Mary Surratt was tried by a military commission, not a jury of her peers. That's what has brought Robert Redford, it would seem, to direct a relevant, thought-provoking film surrounding the aftermath of the assassination of President Abraham Lincoln just days following the conclusion of the American Civil War.
Redford and his screenwriter, James D. Solomon (with Gregory Bernstein), have adjusted the focus of serious filmgoers back on the assassination of President Lincoln at a time when the U.S., over recent years, has been locked in heated debate concerning military tribunals and civilian justice.
The plight of Mary Surratt (Robin Wright), as to whether she was part of the conspiracy to murder Mr. Lincoln or not, makes an interesting juxtaposition for us here, nearly a century and a half since her trial and execution.
To put it simplistically, I felt a small group of Yankee dudes had gathered at a local, downtown cinema to screen a film on American history that cleverly compels them to root for a good Christian woman of Rebel persuasion who is being put upon by a nasty, old Yankee government after the assassination of a president most every American, today (Republican, Democrat or Independent), reveres. Moreover: directed by one of Hollywood's most "notoriously" liberal filmmaker/actors. Talk about juxtapositioning.
Parallels are evident between "The Conspirator" and policies invoked by the Bush II Administration since 9/11. Specifically: although, Mrs. Surratt was a native-born American from Maryland, politically in sympathy with the Confederacy, why did she stand before a military commission and be denied due process in a civilian court?
I guess you could say, that's where Cicero comes in. The Roman's quote is given in the film by Lincoln's Secretary of War, Edwin Stanton (Kevin Kline). Sec'y Stanton's managerial skills aided the North's victory over the South. With backup from the freshly sworn President Andrew Johnson, Stanton allows no chance that Mary Surratt be in a position for acquittal by reasonable doubt.
Even today, as one watches a replay of the PBS miniseries, "The Civil War," it's clear there IS doubt that Mrs. Surratt knew her son and other Rebel malcontents were conspiring to murder Lincoln. The narrator of the Ken Burns series, David McCullough, uses the phrase "may have been" when saying whether or not she was culpable.
When you think about it, Robert Redford's "Conspirator" treads perilously close to a message laid out in much starker detail by Stanley Kubrick in his film, "Paths of Glory," starring Kirk Douglas.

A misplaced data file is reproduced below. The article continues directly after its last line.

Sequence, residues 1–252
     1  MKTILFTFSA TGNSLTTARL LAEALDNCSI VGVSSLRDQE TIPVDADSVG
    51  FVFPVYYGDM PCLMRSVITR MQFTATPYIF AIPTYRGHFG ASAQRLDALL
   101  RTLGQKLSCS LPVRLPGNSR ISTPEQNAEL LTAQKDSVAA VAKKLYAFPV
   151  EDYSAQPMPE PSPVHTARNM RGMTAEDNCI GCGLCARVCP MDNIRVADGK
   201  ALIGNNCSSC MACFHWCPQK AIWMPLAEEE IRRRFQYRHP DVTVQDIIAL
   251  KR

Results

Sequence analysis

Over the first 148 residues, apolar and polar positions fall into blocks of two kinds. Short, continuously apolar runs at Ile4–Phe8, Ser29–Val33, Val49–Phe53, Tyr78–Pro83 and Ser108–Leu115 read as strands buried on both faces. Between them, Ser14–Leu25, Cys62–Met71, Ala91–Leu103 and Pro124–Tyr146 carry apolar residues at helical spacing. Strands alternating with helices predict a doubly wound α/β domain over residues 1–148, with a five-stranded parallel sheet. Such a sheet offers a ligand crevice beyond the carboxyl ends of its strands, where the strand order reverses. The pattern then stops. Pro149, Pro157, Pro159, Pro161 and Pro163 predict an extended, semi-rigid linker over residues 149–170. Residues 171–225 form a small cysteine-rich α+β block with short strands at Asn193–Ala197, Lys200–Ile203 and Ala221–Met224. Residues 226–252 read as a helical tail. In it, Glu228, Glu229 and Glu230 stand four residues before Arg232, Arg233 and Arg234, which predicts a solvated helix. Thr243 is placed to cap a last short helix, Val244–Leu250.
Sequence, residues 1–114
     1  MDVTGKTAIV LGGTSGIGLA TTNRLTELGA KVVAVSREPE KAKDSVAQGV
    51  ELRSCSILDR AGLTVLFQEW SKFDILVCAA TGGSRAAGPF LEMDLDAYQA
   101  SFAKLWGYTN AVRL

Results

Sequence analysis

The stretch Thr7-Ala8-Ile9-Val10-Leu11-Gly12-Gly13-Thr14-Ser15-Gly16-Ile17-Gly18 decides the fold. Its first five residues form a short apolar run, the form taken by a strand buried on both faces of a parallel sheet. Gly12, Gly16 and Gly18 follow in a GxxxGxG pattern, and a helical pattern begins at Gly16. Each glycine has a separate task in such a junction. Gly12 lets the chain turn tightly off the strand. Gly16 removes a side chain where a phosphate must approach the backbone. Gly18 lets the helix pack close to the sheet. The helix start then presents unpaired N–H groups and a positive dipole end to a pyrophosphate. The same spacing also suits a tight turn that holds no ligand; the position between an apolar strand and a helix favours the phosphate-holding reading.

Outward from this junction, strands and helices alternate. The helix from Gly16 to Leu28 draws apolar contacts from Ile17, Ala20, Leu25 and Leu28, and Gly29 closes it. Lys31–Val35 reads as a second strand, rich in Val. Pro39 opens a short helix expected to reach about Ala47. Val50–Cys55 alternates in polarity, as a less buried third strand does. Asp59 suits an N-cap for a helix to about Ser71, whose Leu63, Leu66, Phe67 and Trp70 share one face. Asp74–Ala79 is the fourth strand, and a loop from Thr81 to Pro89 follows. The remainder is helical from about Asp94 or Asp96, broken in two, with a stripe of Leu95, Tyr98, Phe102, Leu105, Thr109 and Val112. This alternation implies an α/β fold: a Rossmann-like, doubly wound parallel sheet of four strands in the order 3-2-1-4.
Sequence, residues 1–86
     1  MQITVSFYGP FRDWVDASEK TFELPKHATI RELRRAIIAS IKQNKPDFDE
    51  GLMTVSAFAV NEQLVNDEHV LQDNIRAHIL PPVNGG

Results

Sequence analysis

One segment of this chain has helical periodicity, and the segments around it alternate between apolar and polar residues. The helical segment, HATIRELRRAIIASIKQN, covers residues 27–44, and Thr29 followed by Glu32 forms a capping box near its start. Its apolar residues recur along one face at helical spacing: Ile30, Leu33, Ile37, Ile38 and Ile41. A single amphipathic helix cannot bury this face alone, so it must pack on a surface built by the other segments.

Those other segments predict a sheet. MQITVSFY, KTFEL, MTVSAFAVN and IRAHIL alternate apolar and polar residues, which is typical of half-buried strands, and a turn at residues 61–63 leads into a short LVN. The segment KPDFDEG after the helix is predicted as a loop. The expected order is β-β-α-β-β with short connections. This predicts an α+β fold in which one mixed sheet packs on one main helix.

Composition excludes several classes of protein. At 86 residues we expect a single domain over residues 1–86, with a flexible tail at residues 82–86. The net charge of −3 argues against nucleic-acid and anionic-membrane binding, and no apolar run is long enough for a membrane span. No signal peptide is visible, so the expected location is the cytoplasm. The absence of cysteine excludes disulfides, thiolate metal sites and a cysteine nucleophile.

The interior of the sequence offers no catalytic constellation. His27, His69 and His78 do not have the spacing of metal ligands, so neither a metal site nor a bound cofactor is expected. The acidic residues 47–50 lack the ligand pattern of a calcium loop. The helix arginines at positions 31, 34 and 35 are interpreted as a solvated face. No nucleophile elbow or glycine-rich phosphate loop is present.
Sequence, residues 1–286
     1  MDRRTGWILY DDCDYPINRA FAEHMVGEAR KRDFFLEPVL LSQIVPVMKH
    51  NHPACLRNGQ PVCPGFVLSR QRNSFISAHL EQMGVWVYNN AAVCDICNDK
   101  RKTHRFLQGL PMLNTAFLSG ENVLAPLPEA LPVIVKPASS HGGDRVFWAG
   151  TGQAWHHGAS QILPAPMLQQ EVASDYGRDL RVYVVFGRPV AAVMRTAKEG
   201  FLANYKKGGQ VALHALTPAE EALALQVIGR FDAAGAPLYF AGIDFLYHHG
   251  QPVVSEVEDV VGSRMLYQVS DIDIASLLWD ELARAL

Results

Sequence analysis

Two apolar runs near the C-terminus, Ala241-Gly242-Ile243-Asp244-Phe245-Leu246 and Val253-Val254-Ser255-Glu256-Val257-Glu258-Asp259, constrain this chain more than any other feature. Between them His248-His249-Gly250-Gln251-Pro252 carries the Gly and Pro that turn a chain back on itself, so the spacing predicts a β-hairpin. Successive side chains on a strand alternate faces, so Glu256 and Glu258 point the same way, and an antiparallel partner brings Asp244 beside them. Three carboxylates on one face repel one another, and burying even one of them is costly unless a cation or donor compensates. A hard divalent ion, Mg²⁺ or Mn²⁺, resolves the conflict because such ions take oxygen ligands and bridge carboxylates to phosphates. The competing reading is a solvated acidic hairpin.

In a nutshell, Kubrick's classic scorns the notion that public examples must be made of the guilty, even if some of them might be innocent.
The 14th Amendment came a bit too late for Mary Surratt, but it didn't keep her lawyer, Frederick Aiken (James McAvoy), from trying to shift the trial to civilian jurisdiction.
The script brings the story down closer to ordinary people with Aiken coaxing Anna Surratt (Evan Rachel Wood), the daughter of Mary Surratt to give greater support to her mother. Aiken's personal relationship with Sarah Weston (Alexis Bledel), is added to the narrative. Ms. Weston was the young woman awaiting the return of her Yankee war hero officer from the battlefield. She is quite taken aback when Aiken agrees to take the Surratt case.
Reverdy Johnson, a U.S. Senator from Maryland (Tom Wilkinson) is the legal eagle and politician who prods young Aiken to defend Mary Surratt.
A significant sidebar should be inserted here: Reverdy Johnson, although against slavery, was counsel to the slave-owner defendant in the infamous Dred Scott decision handed down by the U.S. Supreme Court in 1857.
After quoting Cicero in the film, it might be appropriate to quote someone more contemporary from American literary history that pertains to the mindset of Reverdy Johnson, who was, also, the 21st Attorney General of the United States of America.
The more recent remark comes from a woman much less conservative than General Johnson was. The American playwright, Lillian Hellman, of McCarthy Era fame, knew a thing or two about being questioned by a panel of the powerful. Hellman once wrote, "Since when do you have to agree with people to defend them from injustice?"
That's precisely why Frederick Aiken took Mary Surratt's case, even though he'd been dodging Rebel bullets longer than he really wanted to, for he felt American civilians should have the right to a jury of their peers, even if a particular citizen might be implicated in conspiring to kill the very president he'd been fighting for since the war began.
In arguing for Mrs. Surratt, Frederick Aiken declares that, "If John Wilkes Booth had been tried in this manner, it, too, would've still been wrong."
After witnessing his client hang by the neck until she was dead, Mr. Aiken left the field of military law and became a journalist. He was the first editor of the Washington Post.
Some say that such is the glue that holds us---the U.S.---together.
See Yahoo Movies-Tulsa for theaters and times.